Media is ‘chirping’ for local startup
A local food company has media outlets buzzing about their product. Cricket Flours, founded by University of Oregon graduates Omar Ellis and Charlie Wilson, takes a new spin on paleo-style ingredients by sourcing crickets raised in the U.S. to produce highly nutritious powder that makes it easy for mixing into common recipes.
The buzz started after the Register Guard posted an article on January 31st. The article—Cricket Cuisine—focused on how the founders chose crickets as their market as well as highlights some challenges they might face in determining their future business venture. The duo was also featured on OPB—Eugene Startup Joins Cricket Flour Market—and in the Portland Monthly. Cricket flour—the substance, not the company—even made the Huffington Post’s “weirdest and wackiest food trends of 2015.”
So, how does one become a cricket connoisseur?
The Cricket Flour team got their start at the University of Oregon. Wilson, a recent law school graduate, and Ellis, a former MBA program participant, approached the idea while working together in a small group. Wilson began researching alternative sources of protein and nutrition as a result of an allergy that inhibited his consumption of common store-bought items. After looking at a variety of options and studying nutritional information, protein sourced from crickets seemed like the perfect fit.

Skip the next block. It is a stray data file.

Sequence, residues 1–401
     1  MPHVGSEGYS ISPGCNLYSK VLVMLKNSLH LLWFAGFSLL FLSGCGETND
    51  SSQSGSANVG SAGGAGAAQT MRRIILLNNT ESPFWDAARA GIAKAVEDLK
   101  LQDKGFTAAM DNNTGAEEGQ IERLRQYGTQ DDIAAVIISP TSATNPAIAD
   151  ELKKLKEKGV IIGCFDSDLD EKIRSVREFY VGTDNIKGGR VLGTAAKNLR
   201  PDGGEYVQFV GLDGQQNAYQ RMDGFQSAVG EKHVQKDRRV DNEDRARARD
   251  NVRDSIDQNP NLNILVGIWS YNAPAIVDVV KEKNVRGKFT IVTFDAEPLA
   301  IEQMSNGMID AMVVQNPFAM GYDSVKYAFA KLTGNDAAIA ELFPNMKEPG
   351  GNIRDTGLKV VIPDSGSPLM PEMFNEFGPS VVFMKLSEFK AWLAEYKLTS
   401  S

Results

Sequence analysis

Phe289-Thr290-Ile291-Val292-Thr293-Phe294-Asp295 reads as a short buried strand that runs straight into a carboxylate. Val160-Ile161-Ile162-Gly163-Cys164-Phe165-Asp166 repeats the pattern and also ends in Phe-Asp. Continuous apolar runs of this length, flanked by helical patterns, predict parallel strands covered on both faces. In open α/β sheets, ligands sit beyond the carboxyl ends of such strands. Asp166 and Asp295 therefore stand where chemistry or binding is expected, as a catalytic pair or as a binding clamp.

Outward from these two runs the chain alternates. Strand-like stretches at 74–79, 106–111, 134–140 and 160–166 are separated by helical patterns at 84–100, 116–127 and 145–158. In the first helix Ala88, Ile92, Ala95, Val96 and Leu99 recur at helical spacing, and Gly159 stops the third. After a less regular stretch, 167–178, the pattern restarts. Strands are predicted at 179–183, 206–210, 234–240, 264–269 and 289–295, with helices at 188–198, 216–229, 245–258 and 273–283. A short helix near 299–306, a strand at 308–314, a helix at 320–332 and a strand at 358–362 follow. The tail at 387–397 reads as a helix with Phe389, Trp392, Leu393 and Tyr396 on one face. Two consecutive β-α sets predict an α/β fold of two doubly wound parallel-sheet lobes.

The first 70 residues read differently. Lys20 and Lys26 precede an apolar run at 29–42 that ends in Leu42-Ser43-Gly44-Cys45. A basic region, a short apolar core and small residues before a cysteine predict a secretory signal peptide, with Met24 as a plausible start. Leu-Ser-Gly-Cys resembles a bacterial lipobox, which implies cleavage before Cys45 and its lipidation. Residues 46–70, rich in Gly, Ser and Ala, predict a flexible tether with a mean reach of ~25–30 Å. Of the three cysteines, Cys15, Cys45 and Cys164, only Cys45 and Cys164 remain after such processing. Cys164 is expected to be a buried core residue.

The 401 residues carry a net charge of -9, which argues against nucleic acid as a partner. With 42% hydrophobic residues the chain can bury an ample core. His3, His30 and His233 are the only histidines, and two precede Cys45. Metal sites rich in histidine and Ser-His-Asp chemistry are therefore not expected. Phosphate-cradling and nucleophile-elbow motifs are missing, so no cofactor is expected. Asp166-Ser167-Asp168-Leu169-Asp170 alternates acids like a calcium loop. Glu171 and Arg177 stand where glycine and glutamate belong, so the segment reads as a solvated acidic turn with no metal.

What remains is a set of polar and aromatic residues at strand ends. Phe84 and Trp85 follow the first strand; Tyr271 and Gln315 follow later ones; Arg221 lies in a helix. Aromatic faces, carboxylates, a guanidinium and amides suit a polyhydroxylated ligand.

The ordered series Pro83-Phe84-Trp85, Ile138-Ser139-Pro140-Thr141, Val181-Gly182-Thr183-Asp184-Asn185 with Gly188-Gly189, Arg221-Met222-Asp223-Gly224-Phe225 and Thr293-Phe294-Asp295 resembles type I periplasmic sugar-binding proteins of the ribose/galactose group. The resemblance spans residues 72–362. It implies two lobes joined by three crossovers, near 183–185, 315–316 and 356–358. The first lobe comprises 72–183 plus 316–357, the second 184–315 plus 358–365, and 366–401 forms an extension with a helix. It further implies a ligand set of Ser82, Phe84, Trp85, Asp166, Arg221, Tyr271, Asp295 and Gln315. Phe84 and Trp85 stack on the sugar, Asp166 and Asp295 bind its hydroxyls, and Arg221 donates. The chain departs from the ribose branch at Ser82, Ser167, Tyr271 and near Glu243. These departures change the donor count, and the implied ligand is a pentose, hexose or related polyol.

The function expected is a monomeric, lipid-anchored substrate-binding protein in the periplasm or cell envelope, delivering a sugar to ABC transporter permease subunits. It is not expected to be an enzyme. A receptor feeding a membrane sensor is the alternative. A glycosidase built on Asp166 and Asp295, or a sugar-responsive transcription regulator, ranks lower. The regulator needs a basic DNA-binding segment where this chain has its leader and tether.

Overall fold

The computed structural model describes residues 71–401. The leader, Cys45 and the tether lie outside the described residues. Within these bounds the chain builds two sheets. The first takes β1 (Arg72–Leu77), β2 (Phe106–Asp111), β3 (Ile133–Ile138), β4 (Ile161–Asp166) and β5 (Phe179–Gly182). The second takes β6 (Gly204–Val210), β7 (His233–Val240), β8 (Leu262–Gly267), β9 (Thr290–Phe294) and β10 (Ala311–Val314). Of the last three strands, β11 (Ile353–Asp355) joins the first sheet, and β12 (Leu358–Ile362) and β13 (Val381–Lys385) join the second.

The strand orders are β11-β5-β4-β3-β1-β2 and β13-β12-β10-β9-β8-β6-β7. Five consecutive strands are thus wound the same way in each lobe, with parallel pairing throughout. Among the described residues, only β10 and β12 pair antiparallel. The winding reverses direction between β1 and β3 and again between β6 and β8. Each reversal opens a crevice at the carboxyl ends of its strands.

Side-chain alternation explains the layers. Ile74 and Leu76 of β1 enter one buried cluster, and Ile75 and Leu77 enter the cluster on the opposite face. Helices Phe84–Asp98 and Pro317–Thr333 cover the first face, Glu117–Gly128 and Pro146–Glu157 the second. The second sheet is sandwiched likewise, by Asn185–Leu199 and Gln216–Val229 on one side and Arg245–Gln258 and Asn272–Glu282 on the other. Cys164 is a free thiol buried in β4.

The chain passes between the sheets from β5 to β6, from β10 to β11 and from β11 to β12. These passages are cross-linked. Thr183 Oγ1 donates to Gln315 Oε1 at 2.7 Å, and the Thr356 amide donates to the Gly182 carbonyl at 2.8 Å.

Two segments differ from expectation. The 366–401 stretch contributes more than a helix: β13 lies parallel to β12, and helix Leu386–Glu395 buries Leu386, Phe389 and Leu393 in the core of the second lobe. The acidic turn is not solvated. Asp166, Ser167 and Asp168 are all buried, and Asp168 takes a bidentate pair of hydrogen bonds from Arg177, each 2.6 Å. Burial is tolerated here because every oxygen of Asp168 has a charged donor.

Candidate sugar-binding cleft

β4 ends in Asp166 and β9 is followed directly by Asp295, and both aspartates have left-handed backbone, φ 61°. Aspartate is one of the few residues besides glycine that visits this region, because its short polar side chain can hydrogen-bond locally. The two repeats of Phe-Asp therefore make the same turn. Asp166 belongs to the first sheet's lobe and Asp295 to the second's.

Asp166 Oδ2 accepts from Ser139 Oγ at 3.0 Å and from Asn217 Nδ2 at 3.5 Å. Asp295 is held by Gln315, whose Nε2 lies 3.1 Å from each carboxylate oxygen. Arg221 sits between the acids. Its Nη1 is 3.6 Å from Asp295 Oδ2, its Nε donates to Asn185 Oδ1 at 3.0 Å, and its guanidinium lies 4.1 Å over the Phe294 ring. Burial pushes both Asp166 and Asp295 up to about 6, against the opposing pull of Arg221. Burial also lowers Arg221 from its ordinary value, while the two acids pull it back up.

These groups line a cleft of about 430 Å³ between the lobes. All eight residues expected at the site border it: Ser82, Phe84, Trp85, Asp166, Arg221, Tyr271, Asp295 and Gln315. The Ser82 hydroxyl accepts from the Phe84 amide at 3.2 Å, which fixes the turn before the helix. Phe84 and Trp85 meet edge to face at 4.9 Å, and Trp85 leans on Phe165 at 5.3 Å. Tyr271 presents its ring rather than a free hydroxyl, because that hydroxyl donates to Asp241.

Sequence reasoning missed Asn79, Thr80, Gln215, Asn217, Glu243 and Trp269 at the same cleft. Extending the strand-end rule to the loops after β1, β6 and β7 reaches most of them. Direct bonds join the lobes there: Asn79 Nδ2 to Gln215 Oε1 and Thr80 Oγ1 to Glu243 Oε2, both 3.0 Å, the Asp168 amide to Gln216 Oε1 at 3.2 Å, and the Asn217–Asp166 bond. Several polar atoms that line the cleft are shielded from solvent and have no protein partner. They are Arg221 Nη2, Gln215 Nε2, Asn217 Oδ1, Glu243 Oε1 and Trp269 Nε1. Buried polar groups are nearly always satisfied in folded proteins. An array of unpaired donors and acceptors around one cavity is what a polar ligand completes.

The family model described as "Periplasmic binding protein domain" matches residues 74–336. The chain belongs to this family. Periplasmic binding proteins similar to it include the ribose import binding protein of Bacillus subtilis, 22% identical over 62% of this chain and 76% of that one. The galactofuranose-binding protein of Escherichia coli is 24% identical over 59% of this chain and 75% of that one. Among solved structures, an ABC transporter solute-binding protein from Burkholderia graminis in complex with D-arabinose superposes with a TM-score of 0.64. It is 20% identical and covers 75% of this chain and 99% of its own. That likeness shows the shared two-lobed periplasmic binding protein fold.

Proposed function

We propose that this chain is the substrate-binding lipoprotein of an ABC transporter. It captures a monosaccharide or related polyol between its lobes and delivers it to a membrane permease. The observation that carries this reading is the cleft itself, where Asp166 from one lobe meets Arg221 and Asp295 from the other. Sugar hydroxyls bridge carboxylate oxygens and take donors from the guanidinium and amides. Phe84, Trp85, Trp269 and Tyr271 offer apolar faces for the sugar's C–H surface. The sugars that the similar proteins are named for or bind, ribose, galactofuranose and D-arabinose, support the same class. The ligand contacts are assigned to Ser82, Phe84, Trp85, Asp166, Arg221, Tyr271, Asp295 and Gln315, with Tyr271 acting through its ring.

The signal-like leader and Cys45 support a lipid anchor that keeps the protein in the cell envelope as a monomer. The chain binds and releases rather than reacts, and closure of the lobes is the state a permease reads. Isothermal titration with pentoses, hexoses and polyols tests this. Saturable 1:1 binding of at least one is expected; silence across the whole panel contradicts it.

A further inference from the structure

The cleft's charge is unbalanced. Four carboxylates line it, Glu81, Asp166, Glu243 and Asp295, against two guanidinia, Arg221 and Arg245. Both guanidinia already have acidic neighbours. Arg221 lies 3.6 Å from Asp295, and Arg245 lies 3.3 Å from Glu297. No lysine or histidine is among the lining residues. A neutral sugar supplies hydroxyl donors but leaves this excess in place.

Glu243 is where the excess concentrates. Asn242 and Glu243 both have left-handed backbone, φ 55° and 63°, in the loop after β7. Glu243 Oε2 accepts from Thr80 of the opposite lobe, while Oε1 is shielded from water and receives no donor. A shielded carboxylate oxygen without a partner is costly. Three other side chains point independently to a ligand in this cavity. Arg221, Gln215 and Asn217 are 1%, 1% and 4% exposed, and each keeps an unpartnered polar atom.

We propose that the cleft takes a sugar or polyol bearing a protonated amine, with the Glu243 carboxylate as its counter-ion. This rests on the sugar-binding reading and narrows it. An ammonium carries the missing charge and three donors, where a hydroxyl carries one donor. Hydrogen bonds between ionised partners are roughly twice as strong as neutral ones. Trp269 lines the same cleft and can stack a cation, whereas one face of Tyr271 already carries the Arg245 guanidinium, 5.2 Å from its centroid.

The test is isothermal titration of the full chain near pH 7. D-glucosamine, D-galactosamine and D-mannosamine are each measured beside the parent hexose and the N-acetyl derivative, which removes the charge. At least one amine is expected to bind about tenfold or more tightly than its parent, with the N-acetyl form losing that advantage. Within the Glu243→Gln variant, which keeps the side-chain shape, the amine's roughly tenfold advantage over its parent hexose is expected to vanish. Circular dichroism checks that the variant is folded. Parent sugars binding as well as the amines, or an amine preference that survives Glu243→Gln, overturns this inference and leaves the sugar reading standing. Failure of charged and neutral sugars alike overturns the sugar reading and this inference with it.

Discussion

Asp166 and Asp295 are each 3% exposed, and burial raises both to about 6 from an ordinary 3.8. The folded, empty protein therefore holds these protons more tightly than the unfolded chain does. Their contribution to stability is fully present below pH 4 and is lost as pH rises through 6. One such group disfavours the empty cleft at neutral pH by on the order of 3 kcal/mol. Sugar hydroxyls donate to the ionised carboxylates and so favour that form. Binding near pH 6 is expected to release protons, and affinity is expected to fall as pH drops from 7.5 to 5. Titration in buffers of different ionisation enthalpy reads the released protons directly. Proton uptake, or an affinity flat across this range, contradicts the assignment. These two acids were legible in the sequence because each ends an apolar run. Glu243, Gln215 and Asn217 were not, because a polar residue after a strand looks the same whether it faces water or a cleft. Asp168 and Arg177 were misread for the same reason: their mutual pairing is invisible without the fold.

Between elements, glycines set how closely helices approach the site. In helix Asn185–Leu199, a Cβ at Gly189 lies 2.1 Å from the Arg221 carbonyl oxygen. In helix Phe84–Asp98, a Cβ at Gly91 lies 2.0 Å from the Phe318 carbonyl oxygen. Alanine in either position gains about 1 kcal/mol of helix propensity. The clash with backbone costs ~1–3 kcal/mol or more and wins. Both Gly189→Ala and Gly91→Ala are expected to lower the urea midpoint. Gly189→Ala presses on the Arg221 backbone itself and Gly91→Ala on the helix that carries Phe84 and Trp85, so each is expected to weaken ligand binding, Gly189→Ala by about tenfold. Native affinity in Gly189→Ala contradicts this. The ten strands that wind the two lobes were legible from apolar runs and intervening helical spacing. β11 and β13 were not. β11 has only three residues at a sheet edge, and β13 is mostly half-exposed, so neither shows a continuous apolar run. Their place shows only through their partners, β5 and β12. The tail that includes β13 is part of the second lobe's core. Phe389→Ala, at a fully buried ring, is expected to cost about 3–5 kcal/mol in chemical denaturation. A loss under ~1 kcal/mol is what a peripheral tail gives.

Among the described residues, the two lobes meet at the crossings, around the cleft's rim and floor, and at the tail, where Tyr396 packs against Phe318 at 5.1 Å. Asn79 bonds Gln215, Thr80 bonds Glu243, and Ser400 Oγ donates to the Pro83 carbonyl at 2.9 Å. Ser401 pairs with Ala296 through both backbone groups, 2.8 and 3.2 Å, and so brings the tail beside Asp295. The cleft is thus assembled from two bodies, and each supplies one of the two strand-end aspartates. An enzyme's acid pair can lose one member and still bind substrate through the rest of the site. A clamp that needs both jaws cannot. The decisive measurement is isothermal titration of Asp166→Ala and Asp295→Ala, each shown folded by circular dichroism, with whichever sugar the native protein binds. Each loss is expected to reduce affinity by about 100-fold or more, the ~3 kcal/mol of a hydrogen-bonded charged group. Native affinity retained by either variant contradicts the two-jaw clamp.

Noticing the increasing demand for sustainable sources of high protein, and the strain on resources necessary in raising livestock for mass consumption, they considered a number of sources of protein before settling on crickets. At 12.9 grams of protein per 100 grams, crickets have about half the protein of chicken and beef and are notably high sources for calcium, iron and vitamin B12. Targeting athletes, sustainability focused individuals and those with dietary restrictions, Cricket Flour makes it easy for people to incorporate the flour into their daily diets and training routines. About 5,500 crickets are needed to produce one pound of flour.
What’s next for these two?
Winners of Portland State University’s Lab2Market Pitch event, a two-day intensive that allows university entrepreneurs and innovators to refine their business concepts with help from venture capitalists and startup mentors, Wilson and Ellis have set their sights on an international event for startups in Bangkok later this month.
Ready to try cricket flour for yourself?